In Spelling v. State, a juror's answer on a questionnaire concerning whether she or any member of her family had been a victim of a crime was later found to be inaccurate.  825 S.W.2d 533, 536-37 (Tex.App.-Fort Worth 1992, no pet.).   The court held that counsel had not been diligent in uncovering the false information, stating:

[C]ounsel for the defense was not diligent because he did not ask either the panel as a whole or [the juror] individually the more specific question of whether they could not serve as a fair and impartial juror due to violence or abuse on them or someone in their family.   A more specific question would have likely produced an accurate answer from [the juror].

Id. at 537.   The issue before the court in Spelling, as it was in Gonzales, concerned the failure of the juror to fully disclose information that could reveal bias or prejudice, not the juror's legal qualifications.   In both cases, the juror's legal qualifications to participate on the jury were not dependent on the accuracy of the juror's answers on the juror questionnaire.

Juror questionnaires are now generally used to augment oral voir dire examination.

The questions posed on jury questionnaires traditionally are attributed to the trial court.   The purpose of jury questionnaires is to elicit basic information, possible biases, and other problems that would otherwise be brought out during voir dire.   Counsel may rely on these questionnaires to determine which questions to ask during voir dire and which jurors to strike, thus minimizing the length of voir dire․ Furthermore, the trial court and the attorneys can rely on information that is available only from the juror questionnaire or information cards.

Garza v. State, 988 S.W.2d 352, 362 (Tex.App.-Fort Worth) (Dauphinot, J., dissenting) (footnotes omitted), rev'd, 7 S.W.3d 164 (Tex.Crim.App.1999);  accord Carr v. Smith, 22 S.W.3d 128, 139 (Tex.App.-Fort Worth 2000, pet. denied) (Dauphinot, J., dissenting).6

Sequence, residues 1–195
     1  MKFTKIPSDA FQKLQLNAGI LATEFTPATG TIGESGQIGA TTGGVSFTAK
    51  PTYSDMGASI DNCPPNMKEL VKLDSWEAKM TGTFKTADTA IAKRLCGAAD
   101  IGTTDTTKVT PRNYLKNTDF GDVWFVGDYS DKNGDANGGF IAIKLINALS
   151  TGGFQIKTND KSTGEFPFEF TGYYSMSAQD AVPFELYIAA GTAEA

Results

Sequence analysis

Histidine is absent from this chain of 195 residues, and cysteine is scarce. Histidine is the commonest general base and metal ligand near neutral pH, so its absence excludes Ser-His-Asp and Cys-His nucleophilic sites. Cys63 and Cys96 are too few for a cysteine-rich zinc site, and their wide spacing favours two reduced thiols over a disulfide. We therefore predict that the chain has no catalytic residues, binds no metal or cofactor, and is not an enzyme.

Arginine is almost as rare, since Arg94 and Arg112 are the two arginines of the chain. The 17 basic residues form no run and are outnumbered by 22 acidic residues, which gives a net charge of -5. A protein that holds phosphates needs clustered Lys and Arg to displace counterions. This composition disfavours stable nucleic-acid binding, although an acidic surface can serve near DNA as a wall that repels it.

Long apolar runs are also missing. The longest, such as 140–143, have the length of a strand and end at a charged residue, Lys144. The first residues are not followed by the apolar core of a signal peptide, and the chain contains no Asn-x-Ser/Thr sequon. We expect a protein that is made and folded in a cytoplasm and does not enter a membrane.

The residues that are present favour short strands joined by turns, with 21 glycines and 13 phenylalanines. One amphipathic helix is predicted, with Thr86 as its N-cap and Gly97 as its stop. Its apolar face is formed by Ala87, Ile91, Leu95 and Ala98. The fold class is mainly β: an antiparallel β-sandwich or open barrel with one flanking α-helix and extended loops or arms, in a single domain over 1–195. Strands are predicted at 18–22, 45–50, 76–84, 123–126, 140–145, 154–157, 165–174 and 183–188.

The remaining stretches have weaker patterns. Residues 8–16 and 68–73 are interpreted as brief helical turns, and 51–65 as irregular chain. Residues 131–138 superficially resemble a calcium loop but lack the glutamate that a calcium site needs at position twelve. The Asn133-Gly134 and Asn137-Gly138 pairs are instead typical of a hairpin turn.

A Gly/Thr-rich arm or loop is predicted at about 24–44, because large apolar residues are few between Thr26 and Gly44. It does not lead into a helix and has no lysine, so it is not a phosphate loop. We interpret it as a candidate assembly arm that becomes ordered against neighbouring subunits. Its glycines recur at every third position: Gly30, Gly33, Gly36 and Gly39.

In Cuellar v. State, after holding that an allegation of juror misconduct had been waived, Justice Yañez, taking the unusual step of writing a separate concurrence to her own opinion of the court, also commented on the purpose of juror questionnaires, noting that they are intended to elicit basic information which would otherwise have to be brought out in voir dire, thus minimizing the length of the process.   See Cuellar v. State, 943 S.W.2d 487, 495 (Tex.App.-Corpus Christi 1996, pet. ref'd) (Yañez, J., concurring).   Although Cuellar was not a juror-qualification case, Justice Yañez's observations are helpful.   She concluded that

when a potential juror answers a question on a jury card in a manner that would not arouse any reasonable suspicion that the juror might be biased or prejudiced, ․ counsel is entitled to rely on the truthfulness and accuracy of the response.   In such instance, ․ counsel should not be required to inquire further into that response during voir dire in order to preserve error.   To rule otherwise would undermine one of the primary purposes of the information cards.

Id. at 496 (footnote omitted).

We have been unable to locate any case, and have been cited to none, where a complainant's lack of diligence in discovering facts that would statutorily disqualify a juror from service has been discussed.   The justice system's use of devices to expedite the trial of cases should not become a snare for the advocates who practice within that system.   We recognize that a tension exists between the justice system's desire to advance cases with dispatch and the obligation of counsel to use diligence to uncover facts that could lead to a potential juror's disqualification.

We believe that these competing interests may be balanced on a case-by-case basis.   The legislature has established certain minimum qualifications for jurors.   See Tex. Gov't Code Ann. § 62.102 (West 1998).   The supreme court has held that “the rules and statutes governing the qualifications of jurors and the requisites of [jury] verdicts” are to be given effect and that a party who suffers an adverse 10-2 verdict returned by fewer than 10 qualified jurors has suffered material injury as a matter of law.  Palmer Well Servs., 776 S.W.2d at 577.